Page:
Mandy has been battling the blues, but she became particularly rattled when she started fantasizing about her funeral. She assured me she’d never actually kill herself, but was simply curious to imagine who would show up. She confessed she’d want Ellie to order the flowers—preferably white Calla lilies since her aesthetic is impeccable—and thought I could write a eulogy about her unrealized potential. Mostly, she wondered whether her boyfriend, Sam, would cry.
Mandy’s psychiatrist added Wellbutrin to her cocktail of mood elevators and strongly advised her to explore her anger instead of turning it against herself. He also recommended lowering her prodigious alcohol consumption.
The other night at our friend Milton’s apartment, Mandy throws back whiskey and puts on a show. Ellie, Milton and I lean against a claw-footed bathtub in the master bathroom and watch her pontificate.
“If I were a man,” she slurs, lighting a Marlboro Red, “I’d be the ultimate asshole.”
“Don’t say that about yourself,” Ellie implores.
“Oh, you’re drunk on Oxytocin,” Mandy shoots back (Ellie has been seeing Derek, a hot bartender she met at Happy Ending and she hasn’t stopped talking about the sex since).
Mandy hikes herself onto the broad sink, her long legs swinging. ‘I’d find a girl just like me,’ she vows, ‘and, at first, I’d be sweet, encourage her to start that jewelry line she’s always wanted. I’d get her to rely on me, have my driver pick her up all the time so she’d start to feel entitled to what’s mine.’
Mandy hikes herself onto the broad sink, her long legs swinging. “I’d find a girl just like me,” she continues, “and, at first, I’d be sweet, encourage her to start that jewelry line she’s always wanted. I’d get her to rely on me, have my driver pick her up all the time so she’d start to feel entitled to what’s mine.”
“Uber wouldn’t cut it?” asks a puckish Milton.
Mandy dismisses him with a wave, “We’d have drinks at Omar’s and when she’d get soft and sloppy, I’d place my hands on her hips to let her know she was mine. She’d melt.”
Ellie giggles. I watch the red soles of her Louboutins, which she rhythmically kicks in the air.
“I haven’t even told you how I’d fuck her yet.”
“How?” Milton awakens from his half-slumber.
“I’d get a suite at The Regency or The Mercer or The Whatever to make the dining/fucking experience convenient.”
“Is that what Sam did?” I wonder.
Mandy ignores me and goes on. “I’d tell her she was the most beautiful thing I’d ever seen. Not to lose any weight. Not to gain any weight. And then I’d take her.”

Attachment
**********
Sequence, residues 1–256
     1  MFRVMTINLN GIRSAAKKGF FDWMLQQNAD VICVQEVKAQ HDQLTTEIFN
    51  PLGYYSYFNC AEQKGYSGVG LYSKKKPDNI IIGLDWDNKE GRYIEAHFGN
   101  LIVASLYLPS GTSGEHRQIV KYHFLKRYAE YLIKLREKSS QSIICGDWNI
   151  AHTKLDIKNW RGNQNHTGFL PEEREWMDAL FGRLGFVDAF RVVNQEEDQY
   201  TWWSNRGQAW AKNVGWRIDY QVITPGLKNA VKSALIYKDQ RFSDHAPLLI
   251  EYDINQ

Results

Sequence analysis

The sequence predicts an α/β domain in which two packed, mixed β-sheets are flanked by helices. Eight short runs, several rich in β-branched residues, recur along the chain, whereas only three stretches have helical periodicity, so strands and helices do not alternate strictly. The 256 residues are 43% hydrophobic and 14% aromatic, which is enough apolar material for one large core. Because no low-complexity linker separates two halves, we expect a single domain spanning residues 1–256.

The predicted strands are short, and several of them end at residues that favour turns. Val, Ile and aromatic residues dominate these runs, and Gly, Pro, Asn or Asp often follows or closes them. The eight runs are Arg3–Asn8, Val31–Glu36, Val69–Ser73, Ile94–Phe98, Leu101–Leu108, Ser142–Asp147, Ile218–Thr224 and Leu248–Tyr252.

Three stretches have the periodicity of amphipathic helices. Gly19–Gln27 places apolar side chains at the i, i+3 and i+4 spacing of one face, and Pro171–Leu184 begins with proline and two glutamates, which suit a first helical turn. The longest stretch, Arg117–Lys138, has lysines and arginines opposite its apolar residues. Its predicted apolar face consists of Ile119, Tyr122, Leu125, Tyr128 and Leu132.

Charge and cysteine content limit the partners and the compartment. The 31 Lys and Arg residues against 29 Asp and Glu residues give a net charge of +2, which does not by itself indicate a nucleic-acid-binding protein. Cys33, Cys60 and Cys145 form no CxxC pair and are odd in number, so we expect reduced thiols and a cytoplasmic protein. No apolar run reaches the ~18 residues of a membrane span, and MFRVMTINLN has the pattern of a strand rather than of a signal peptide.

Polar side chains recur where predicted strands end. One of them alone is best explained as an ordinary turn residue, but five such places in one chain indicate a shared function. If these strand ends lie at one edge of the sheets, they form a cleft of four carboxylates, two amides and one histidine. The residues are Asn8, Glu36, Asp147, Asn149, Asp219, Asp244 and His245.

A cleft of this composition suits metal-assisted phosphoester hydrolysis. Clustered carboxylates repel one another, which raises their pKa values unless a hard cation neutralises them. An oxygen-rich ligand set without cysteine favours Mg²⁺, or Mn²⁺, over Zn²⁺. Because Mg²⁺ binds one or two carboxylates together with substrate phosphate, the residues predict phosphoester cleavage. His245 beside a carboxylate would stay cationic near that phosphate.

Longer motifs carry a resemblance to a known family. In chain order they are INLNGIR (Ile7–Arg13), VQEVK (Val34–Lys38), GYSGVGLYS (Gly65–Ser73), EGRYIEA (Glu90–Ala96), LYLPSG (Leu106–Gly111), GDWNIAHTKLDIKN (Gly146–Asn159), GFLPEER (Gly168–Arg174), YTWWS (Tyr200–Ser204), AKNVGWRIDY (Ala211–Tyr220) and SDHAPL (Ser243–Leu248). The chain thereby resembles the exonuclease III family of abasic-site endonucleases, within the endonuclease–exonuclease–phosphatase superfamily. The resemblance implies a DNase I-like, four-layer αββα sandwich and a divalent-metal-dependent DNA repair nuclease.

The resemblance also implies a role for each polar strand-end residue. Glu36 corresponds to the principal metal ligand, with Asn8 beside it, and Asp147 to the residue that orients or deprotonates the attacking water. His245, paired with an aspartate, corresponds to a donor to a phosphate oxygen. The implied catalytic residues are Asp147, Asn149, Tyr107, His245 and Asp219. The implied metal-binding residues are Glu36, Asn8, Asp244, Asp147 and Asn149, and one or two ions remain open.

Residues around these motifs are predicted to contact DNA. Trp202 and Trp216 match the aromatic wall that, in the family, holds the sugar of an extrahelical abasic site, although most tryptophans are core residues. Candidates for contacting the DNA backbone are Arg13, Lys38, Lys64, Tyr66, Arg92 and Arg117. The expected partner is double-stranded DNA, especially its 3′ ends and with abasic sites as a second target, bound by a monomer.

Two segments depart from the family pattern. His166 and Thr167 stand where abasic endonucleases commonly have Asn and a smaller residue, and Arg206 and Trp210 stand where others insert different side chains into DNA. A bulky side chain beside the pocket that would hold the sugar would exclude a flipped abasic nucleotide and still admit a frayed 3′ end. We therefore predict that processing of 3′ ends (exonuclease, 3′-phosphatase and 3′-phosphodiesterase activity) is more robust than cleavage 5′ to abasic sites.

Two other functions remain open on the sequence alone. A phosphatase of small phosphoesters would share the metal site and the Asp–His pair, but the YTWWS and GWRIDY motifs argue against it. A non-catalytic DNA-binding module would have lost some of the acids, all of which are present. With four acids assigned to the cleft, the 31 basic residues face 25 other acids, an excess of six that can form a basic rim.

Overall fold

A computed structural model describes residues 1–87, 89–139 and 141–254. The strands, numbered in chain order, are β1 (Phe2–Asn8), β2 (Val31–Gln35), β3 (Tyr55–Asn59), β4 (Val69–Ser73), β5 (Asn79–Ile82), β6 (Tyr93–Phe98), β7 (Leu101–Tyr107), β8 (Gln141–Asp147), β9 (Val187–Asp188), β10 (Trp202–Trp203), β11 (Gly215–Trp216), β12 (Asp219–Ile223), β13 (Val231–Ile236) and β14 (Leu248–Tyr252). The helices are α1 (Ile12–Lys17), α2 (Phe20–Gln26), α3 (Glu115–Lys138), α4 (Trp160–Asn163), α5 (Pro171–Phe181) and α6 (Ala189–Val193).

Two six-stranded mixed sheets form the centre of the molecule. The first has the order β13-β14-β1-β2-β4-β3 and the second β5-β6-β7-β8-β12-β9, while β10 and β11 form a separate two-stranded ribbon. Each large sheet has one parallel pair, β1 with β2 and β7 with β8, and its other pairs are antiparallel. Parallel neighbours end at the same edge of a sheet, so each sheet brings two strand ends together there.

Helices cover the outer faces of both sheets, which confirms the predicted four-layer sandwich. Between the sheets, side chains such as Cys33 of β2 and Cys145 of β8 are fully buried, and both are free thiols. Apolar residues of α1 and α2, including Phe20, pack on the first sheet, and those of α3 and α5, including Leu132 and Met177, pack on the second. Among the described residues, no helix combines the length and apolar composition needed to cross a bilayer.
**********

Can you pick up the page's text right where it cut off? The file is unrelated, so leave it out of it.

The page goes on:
Milton wants to know, “Would you have like a really big dick too?”
Mandy glares at him. “She’d worry we’d have slept together too soon. I’d assure her just enough to fuck her again, turn her around and bend her over like a soba noodle. That’s when she’d give me that vulnerable, clingy look and say something vulgar like, “it hurts to be apart” even though her cheek was pressed flat against my chest. A few months later, and this bitch would be on the cusp of what she believes is love. Filled with fear of disappointment and pawing at hope.”
“Geez,” Ellie says, “you sound evil.”
Mandy hops off the sink, loses her balance and catches herself on the toilet. She flushes for affect.
“That’s when I’d turn my back on her,” Mandy sneers, “Watch her fall to her proverbial knees and beg for love.”
She saunters to the sink, turns on the faucet and tilts her head to drink.
Wiping her mouth with back of her hand, she grins, “But mostly, I’d just want to be there when it registers across her pretty little face that she must once again curl into her old, wounded self.”
Milton shakes his head.
“This is so sad,” I say, thinking of both Mandy’s sadomasochism and my recent romantic let down with Jerry.
“Isn’t it?” Mandy says. “What’s funny is she’d cling to the good, remember the little things, like our laughter or the way I’d gently place my hand on her head as we slept.”
Milton stands up and drapes his arm around Mandy, “If this bitch was smart, she’d see him as a catalyst and realize that the only person not giving her love is herself.”
Mandy slumps to the floor and sits with her audience. I refrain from asking her details about her relationship with Sam, as I can only assume they’re not good.
“Well, I can’t get laid,” Milton announces to make Mandy feel better. “I go to all these parties with desirable women and it’s like I’m psychically castrated. And when I finally go on a date, it’s with the most deprived and damaged of the bunch.”
Ellie tries to lighten the mood: “Guess what? I discovered the most amazing new sex position with Derek.”
She describes some Twister move where your hands are on the floor, your butt’s in the air and your legs are—I can’t follow. So I think about Mandy’s theoretical, invincible man and her false perception of power. She has confused love with pain and thinks she needs to suffer to feel alive. She concocted this impenetrable, robotic man she believes will protect her only to crush her. In the midst of it all, love is forgotten.
I had a conversation the other day with an old man on a park bench in Union Square. When you’re lonely, he counseled, talk to the clouds. When you are sad, welcome the sadness and hug yourself. When you are burdened, breathe deeply to become light like a butterfly. When you miss someone, remember what you loved about yourself when you were with that person. Joy does not come from others; it comes from you.
“Shall we talk to the clouds?” I suggest.
My friends look at me like I’m crazy.
Once I fill them in on the park bench sage, they’re curious. Milton opens the bathroom window and all four of us poke our heads out.
“Hello!” I howl, “What do you have to tell us?”
The gray clouds, lit by the city lights, slowly shift and open.
“When will I get laid?” Milton yells across West 12th St.
Mandy squeezes my hand.
We shout our love out to the sky, to the budding trees, and to the parts of ourselves we’ve been missing.